Following the success of his enigmatic singles Seeing Through Shadows for Minus and Flight LB 7475 for Ovum, Düsseldorf's Loco Dice returns with a monster four-tracker, co-produced with Hannover's Martin Buttrich, the man behind one of this fall's biggest hits - Full Clip, released on Carl Craig's Planet E.
The four cuts on this doublepack EP are all monsters, between eight and 13 minutes apiece. Coming hot on the heels of similarly sprawling releases from Ricardo Villalobos and Luciano & Thomas Melchior, they confirm Cadenza's commitment to stretching electronic dance music's form to fit a more expansive frame.
These are anthems, but they're anthems of a different sort. While too many hits beat their riffs like dead horses and treat their listeners little better, Loco Dice turns their attentions to gauzier, wispier elements: ghost melodies, feathery percussion, iridescent timbres that flash once and are gone. These are tracks for clubbers who like their bumping subtle; they're cuts for headphone listeners who want to follow a corkscrewed groove until the g-force tugs their lips into a private smile. The four tracks sound simple at first - easygoing house rhythms, skeletal melodies, agreeable sounds and textures-but the more you listen, the deeper they get, multiplying their inner dimensions exponentially.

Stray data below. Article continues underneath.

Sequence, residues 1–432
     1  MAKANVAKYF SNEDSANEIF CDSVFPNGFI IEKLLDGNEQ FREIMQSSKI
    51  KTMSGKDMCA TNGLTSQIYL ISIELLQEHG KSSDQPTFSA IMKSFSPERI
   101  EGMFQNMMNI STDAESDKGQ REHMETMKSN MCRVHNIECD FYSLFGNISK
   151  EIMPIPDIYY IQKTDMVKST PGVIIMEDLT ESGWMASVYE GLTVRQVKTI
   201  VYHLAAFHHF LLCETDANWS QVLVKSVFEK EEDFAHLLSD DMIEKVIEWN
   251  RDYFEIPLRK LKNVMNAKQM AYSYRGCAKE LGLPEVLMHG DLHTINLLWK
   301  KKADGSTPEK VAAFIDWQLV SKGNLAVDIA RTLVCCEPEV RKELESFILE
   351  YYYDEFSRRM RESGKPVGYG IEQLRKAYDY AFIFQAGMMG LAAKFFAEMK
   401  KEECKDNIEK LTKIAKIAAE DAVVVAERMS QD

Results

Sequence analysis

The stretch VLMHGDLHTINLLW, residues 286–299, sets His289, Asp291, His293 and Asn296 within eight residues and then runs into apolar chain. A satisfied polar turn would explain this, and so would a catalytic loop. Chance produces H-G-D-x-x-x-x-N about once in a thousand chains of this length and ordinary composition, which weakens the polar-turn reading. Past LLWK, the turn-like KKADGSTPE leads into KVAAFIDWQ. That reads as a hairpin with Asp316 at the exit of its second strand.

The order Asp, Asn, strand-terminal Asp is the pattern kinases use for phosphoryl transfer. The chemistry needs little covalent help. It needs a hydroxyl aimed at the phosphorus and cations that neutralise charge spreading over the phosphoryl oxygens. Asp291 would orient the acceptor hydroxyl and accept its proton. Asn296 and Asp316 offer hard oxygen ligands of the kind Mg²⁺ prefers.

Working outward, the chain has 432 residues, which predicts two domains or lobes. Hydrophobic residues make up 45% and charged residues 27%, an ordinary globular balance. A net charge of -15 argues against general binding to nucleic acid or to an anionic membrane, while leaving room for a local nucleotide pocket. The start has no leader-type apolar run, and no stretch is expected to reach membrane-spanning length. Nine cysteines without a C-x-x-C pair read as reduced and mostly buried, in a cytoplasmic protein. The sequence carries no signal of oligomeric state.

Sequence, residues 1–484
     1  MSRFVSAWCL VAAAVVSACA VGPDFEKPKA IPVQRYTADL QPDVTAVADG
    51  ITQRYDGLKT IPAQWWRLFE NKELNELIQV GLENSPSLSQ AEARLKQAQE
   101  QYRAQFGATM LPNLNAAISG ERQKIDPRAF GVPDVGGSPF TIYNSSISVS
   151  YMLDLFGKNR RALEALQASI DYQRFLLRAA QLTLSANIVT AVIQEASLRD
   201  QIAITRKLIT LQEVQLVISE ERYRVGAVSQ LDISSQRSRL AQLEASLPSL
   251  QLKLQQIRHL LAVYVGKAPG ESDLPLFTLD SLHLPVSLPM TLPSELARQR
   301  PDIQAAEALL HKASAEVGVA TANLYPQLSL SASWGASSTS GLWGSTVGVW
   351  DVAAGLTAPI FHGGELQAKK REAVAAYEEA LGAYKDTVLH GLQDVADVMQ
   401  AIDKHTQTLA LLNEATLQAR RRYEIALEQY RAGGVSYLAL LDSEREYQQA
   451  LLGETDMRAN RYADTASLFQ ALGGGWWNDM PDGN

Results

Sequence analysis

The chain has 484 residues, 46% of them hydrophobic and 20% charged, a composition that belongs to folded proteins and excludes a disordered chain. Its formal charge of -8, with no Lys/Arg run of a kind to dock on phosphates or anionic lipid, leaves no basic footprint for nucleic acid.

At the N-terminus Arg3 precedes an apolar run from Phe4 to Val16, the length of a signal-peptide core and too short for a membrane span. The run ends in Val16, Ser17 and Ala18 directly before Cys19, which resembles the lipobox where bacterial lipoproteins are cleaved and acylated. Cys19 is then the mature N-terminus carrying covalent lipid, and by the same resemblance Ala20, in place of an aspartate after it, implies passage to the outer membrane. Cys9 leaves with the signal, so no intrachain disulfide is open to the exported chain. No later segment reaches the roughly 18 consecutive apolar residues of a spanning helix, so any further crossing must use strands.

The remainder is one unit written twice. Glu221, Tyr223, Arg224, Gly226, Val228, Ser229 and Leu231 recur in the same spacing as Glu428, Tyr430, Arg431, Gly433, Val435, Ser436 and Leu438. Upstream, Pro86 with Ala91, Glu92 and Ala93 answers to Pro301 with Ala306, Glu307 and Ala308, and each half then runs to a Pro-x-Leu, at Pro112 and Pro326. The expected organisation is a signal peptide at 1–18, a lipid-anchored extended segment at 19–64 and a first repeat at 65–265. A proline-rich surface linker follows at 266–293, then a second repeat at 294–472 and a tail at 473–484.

Raindrops On My Window, opening with clopping hooves and twittering birdcalls, feels like a journey through the forest back to civilization: a male voice mutters monosyllables, a female singer wails a near-Eastern lament, and the track's taut machine rhythms box in an unruly bassline that cuts corners with every bar, refusing to slot itself in 4s. The whole thing is dead simple, unabashedly dark, and delectably funky.
Paradiso is one of the gentlest tracks you'll hear this year, braiding keening keyboard lines and unfolding like a flower caught by time-lapse photography. Romantic melodies meet Afro-Latin polyrhythms; Steve Reich learns to jack. No tearjerker has ever waved its handkerchief so seductively. (The track is also something of a historical curiosity: with its chiming arpeggios and endless rotations, Paradiso provides the missing link between the music box and the turntable.)
Opening with agile woodblock melodies and fleeting scraps of woodwinds, Vamos a Cali hunkers down for the home stretch. Pastoral melodies twine themselves around a clean-lined lattice of clicks and hissing hi-hats; for the first five minutes, the whole thing is so delicate you'd barely know it's there. But as the song rolls on it fills out and tightens its hypnotic grasp, layering loops in four dimensions and ballooning classic minimal techno into something billowy; as it drifts higher and higher, its 13 minutes feel like an infinity.
They almost are: A Chico a Rhytmico reworks Vamos a Cali for a tougher crowd; those same harps and bells are here, plucking and pinging, but this time the beat is more pronounced, the finely tuned metallic percussion more insistent. This is no time to be sensitive; it's time to lean into the syncopations, slide with the low-riding bassline, and revel in the opulence of the spongy chords and silvery leads. It's honest-to-goodness hands-in-the-air time, no matter what the clock says, nor where the moon (or sun) is in the sky.
What all four cuts have in common is that they're all as strong and as smooth-as silk. That Loco Dice should come up with four new anthems is no surprise, but no one expected him to do this. He has taken house and techno to a place rarely visited in dance music: a zone where tenderness and force become one.